Most expensive toy of Mickey Mouse
Tipp & Co Mickey Mouse motorcycle
75780 UK pound(s) sterling
United States (Allentown)

A 9.25-in-long (23.5-cm) clockwork motorcycle carrying Mickey and Minnie Mouse, made c. late 1920s by the German toy manufacturer Tipp & Co., was listed at a Randy Inman auction in Allentown, Pennsylvania, USA, on 6–8 October 2000 before selling for $110,000 (£75,780) to collector Donald Kaufman (USA). The nearly-mint-condition, wind-up lithographed-tinplate toy was sold in its original box and in full working order.

At the time of the sale, the buyers were identified only as "dedicated New England toy enthusiasts", but were later named as Donald and Sally Kaufman. Kaufman (1930–2009) was vice-president of the KB Toys store chain and famed among collectors for his 7,000-strong collection of vintage toy vehicles.

The mechanical motorcycle toy was produced in the Nuremberg factory of Tipp & Co. in the early 1930s for sale in the British market. The lean, rodent-like Mickey and his pillion passenger Minnie bear only a passing resemblance to the big-eared Mickey and Minnie we know today and, noticeably, they boast five-fingered hands and a toothy grin; this is because the characters were licensed not by Disney but by Ideal Film Co. Ltd, which at the time owned the Mickey Mouse movie distribution rights in the UK.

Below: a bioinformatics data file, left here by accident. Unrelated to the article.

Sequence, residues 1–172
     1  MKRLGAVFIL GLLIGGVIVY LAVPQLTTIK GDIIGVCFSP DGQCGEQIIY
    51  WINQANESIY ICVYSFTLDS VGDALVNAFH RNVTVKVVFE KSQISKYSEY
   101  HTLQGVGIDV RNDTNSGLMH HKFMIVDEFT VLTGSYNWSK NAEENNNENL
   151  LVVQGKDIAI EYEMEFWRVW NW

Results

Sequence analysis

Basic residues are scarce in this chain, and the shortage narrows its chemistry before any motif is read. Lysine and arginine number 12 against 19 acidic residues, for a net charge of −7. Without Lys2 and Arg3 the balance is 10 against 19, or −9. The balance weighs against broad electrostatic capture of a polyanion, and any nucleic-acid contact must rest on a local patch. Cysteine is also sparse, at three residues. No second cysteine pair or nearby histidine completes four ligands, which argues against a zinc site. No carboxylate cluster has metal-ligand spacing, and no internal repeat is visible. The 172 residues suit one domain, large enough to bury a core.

This particular item was bought from a Woolworth's in Britain in June 1930 as a ninth birthday present, and its first appearance on the collectors' circuit - as the only known example in its original box - was in the late 1990s, when it was a featured item on the British TV show Antiques Roadshow (BBC, 6 April 1997). Later that year, on 16 June, the toy was auctioned by Christie's in London as part of their Animation Art & Collectibles sale (the final lot, #199), where it sold for a then-record £51,000 ($83,466) including premium. The motorcycle was later sold again - for a reported $100,000 - before ending up in the catalogue of the Randy Inman auction and, ultimately, the Kaufman collection. Ten years later, Kaufman decided to sell off his vast toy "museum" and the boxed motorcycle was put up for sale with Bertoia Auctions of New Jersey, USA, on 26 September 2009, when it sold for "just" $62,000 (£38,790).